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“Mabel” is an illustrated, humorous tale of three unusual characters, in an eccentric old roadster, trying to survive the unexpected dangers they encounter as they explore the back roads of Western America, far from civilization. It started as a simple vacation trip but transforms into a life changing adventure that will take you to places you’ve never been before. Meet Everett, he’s an Artist and a two hundred and twenty pound roly-poly package of fun and wit. He, with his two friends, the all too serious Engineer, Jon, and the wily, straight from the back woods mountain-man, Clark, are on a several thousand mile vacation trip to Canada and back. This unusual trio discover many unusual sights including, Ghost Towns, grand vistas and adventure on the twisty, two lane roads that wind through the hidden California forests, Oregon lakes, and Washington mountains. However, they seriously tempt fate when they decide to use Clark’s Honda Gold Wing and Jon’s thirty year old, open cockpit English sports car to make the trip on those little used back roads. Along the way they face many unexpected challenges, not least of which proves to be the car that carries them from adventure to adventure. With a mind of her own, Mabel turns out to be the unexpected fourth, and very female, member of the party. But suddenly they find themselves all alone, in the middle of one of the greatest raging forest fires to ever hit the mountains of Western America, the Firestorm of 1987. Miles from nowhere, they discover their lives depend on this temperamental old car with a personality. But, will Mabel want to save them from one of the greatest firestorms in history?
Reviews
Mabel! is the detailed chronicle of a 1987 road trip from northern California to Washington State, on to Victoria, Canada, and then back. Two friends, Jon C. Rogers (Spaceship Handbook) and Everett L. Jennings, drove Jon’s classic Jaguar northwest from Belmont, California, visiting parks and wilderness, ghost towns, family members, plus plenty of bars and restaurants. Mabel is the car, the source of the book’s title and what the authors’ refer to as the trip’s personified “feline” (read: female) presence. The duo is often joined by friend and motorcyclist Clark, who contributes a chapter. The nine-day trip mostly sticks to plan but ends with an apocalyptic drive through the California wildfires known as the “Fire Siege of 1987.”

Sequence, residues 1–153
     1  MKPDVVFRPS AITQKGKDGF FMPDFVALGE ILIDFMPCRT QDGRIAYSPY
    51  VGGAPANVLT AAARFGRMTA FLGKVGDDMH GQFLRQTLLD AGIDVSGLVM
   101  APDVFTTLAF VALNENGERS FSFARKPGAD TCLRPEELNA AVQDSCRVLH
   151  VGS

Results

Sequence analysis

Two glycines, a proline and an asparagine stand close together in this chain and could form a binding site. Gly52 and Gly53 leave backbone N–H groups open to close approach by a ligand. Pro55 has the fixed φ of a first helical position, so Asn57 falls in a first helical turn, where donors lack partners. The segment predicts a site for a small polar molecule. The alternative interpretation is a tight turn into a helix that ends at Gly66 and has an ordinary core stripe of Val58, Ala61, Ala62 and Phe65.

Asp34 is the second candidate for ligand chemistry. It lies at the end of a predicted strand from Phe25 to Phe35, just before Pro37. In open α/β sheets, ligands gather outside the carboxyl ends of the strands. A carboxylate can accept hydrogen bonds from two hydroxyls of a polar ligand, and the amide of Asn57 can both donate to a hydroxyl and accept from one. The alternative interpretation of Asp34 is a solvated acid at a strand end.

Overall, Mabel is a straightforward, colorful narrative that employs its roadster camaraderie to create a shared sense of joy (Jennings on the thrill of passing through Everett, Washington: “If you’ve always lived with a name that is not at all common, and you get thrown into a place where all you see is your name, you get a little giddy.”) Still, the sense of momentum ebbs and flows. The late Jennings wrote much of the book not long after the original trip, and Rogers, who promised to complete the manuscript and see it published, has updated the account, offering greater detail in the vein of a travel guide. He honors Jennings’ work but hasn’t thoroughly edited it to condense protracted play-by-plays or eliminate redundancies.

Jennings and Rogers experience frequent car troubles and moments of drama and awe, but some retrograde humor limits this adventure’s appeal, such as the suggestion that out of feminine jealousy the car, Mabel, intentionally “runs off” its owner’s dates. Still, descriptions of classic cars and America’s last wild places shine through this account that reads less like a polished memoir than a series of travel diaries.

Takeaway: Road trippers (and classic car enthusiasts) will find points of interest in this account of a 1987 West Coast journey.

Great for fans of: The Road Trip Book: 1000 Drives of a Lifetime, Bill Bryson’s The Lost Continent.

Production grades
Cover: B
Design and typography: A
Illustrations: A
Editing: C
Marketing copy: B

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